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# On treatment of $100mL$ of $0.1M$ solution of $CoC{l_3}.6{H_2}O$ with excess $AgN{O_3}$​; $1.2 \times {10^{22}}$ ions are precipitated. The complex is: A) $[Co{({H_2}O)_3}C{l_3}].2{H_2}O$B) $[Co{({H_2}O)_6}]C{l_3}$​C) $[Co{({H_2}O)_5}Cl]C{l_2}.{H_2}O$D) $[Co{({H_2}O)_4}Cl]C{l_2}.{H_2}O$

Last updated date: 22nd Feb 2024
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Hint: Millimoles of $AgN{O_3} = \dfrac{{1.2 \times {{10}^{22}}}}{{6 \times {{10}^{23}}}} \times 1000 = 20$
Millimoles of $CoC{l_3}\cdot6{H_2}O = 0.1{\text{ }} \times {\text{ }}100{\text{ }} = {\text{ }}10$
$\therefore$Each mole of $CoC{l_3}\cdot6{H_2}O$gives two chloride particles.
$\therefore$$\left[ {Co{{\left( {{H_2}O} \right)}_5}Cl} \right]C{l_2}\cdot{H_2}O$

Complex comprises a focal atom or ion, which is normally metallic and is known as the coordination centre, and an encompassing exhibit of bound atoms or particles, that are thus known as ligands or complexing specialists. Many metal-containing mixes, particularly those of progress metals, are coordination complexes. A coordination complex whose middle is a metal particle is known as a metal complex of the $d$ block element.
No of moles of $CoC{l_3}.6{H_2}O$ in arrangement are -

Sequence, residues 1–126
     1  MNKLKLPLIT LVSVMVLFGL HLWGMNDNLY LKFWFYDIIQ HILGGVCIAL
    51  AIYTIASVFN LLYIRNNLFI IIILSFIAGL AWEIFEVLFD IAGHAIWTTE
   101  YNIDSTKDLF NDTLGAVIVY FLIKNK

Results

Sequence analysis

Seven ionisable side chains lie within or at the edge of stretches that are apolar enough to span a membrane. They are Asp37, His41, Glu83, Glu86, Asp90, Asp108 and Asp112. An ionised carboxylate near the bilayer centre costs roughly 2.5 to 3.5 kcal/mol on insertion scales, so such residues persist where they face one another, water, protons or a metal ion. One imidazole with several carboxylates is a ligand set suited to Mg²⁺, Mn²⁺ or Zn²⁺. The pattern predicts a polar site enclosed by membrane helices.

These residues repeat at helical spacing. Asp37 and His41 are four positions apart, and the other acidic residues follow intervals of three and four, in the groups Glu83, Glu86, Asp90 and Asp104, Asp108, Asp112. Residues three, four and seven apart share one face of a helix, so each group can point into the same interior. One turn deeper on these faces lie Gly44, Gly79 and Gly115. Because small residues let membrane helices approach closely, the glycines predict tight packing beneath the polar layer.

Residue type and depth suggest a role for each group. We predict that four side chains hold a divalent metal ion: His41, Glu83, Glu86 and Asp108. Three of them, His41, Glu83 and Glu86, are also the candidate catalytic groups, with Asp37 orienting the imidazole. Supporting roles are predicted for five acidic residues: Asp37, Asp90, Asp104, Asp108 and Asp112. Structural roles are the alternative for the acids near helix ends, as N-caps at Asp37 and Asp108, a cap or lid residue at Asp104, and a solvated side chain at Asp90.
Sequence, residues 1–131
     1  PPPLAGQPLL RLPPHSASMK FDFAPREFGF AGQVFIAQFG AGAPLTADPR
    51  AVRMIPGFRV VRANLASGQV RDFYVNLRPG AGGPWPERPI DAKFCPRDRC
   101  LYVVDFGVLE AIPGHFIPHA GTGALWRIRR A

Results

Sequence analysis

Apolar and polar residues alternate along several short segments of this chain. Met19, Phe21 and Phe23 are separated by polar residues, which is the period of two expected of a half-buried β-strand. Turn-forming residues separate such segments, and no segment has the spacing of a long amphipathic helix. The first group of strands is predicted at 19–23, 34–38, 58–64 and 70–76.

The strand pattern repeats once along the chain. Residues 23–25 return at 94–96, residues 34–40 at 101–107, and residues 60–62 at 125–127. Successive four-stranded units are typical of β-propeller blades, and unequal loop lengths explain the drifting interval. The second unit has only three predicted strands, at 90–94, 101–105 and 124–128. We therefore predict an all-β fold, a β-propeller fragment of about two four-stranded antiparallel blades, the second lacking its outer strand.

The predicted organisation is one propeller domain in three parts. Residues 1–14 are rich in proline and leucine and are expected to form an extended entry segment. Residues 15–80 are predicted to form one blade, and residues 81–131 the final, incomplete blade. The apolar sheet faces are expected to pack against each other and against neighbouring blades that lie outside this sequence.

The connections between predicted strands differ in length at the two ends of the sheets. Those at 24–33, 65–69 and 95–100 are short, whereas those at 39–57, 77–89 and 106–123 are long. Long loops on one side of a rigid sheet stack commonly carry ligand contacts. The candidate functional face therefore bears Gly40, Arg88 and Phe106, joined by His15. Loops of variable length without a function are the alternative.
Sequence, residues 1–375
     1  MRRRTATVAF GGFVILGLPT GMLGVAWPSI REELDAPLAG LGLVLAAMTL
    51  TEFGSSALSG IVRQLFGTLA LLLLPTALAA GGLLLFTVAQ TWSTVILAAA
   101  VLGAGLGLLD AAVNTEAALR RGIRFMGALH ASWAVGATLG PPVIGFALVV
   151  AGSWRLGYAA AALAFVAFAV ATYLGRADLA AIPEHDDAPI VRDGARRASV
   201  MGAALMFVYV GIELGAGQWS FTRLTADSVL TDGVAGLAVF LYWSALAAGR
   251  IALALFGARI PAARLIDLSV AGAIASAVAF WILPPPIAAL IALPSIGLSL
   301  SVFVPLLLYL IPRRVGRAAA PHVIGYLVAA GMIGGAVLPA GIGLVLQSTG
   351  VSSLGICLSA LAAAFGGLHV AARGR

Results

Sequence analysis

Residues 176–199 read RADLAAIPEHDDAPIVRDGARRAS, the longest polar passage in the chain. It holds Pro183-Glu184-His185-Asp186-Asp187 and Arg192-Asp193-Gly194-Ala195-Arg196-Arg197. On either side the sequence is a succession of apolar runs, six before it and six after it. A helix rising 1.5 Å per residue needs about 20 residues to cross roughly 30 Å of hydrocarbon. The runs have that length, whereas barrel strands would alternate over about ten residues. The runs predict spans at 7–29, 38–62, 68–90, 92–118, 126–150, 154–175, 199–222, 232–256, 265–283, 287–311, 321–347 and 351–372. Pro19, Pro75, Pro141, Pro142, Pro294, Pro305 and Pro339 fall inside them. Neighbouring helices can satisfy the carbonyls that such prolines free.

$n{\text{ }} = {\text{ }}M{\text{ }} \times {\text{ }}V$
$n{\text{ }} = {\text{ }}0.1{\text{ }} \times {\text{ }}0.1$
$n = {10^{ - 2}}$
Absolute no of particles of $C{l^ - }$ in assumed complex –
$n' = 3 \times {10^{ - 2}}$
No of $C{l^ - }$ particles accelerated -
${N_p} = \dfrac{{(1.2 \times {{10}^{22}})}}{{(6.022 \times {{10}^{23}})}}$
${N_p} = 2 \times {10^{ - 2}}$
No of $C{l^ - }$ particles unpredicted -
${N_u} = 3 \times {10^{ - 2}} - 2 \times {10^{ - 3}}$
${N_u} = {10^{ - 2}}$
Avogadro’s number is $6.023 \times {10^{23}}$
$1.2 \times {10^{22}}$ particles compare to $\dfrac{{1.2 \times {{10}^{22}}}}{{6.023 \times {{10}^{23}}}} = 0.02$ moles.
$100{\text{ }}mL$ of $0.1M$ arrangement of $CoC{l_3}.6{H_2}O$ relates to $\dfrac{{100mL}}{{1000mL/L}} \times 0.1M = 0.01moles$.
$0.01$ moles of $CoC{l_3}.6{H_2}O$ responds with excess $AgN{O_3}$ to frame $0.02$ moles of $AgCl$ accelerate, which implies $0.01$moles of $A{g^ + }$and $0.01$ moles of $C{l^ - }$ particles.
Consequently, from one particle of $CoC{l_3}.6{H_2}O$, one chlorine molecule is dislodged. Thus, the complex is
$\left[ {Co{{\left( {{H_2}O} \right)}_5}Cl} \right]C{l_2}.{H_2}O$ as number of chloride particle outside co-appointment circle ought to be one.
Werner's Theory and it's impediment -
Hypothesizes of Werner's hypothesis
1. Metals show two sorts of linkages, Primary and Secondary.
2. Secondary valences are non-ionisable.
3. Primary valences are ordinarily ionisable.
4. The gatherings bound by the secondary linkages have spatial plans.
Impediments of Warner's hypothesis
1.Did not explain why just certain components have capacity to frame complexes
2.Gave no clarification for directional properties of bonds in coordination mixes.
3.Could not clarify the attractive and optical properties
Hence, the correct option is (D).

Note:
That is accelerated particles are twofold that of unprecipitated particles. This implies that out of $3$,$\;2$ $C{l^ - }$ particles are out of the co-appointment circle.
Along these lines, the equation for a given complex is $\left[ {Co{{\left( {{H_2}O} \right)}_4}Cl} \right]C{l_2}.{H_2}O$.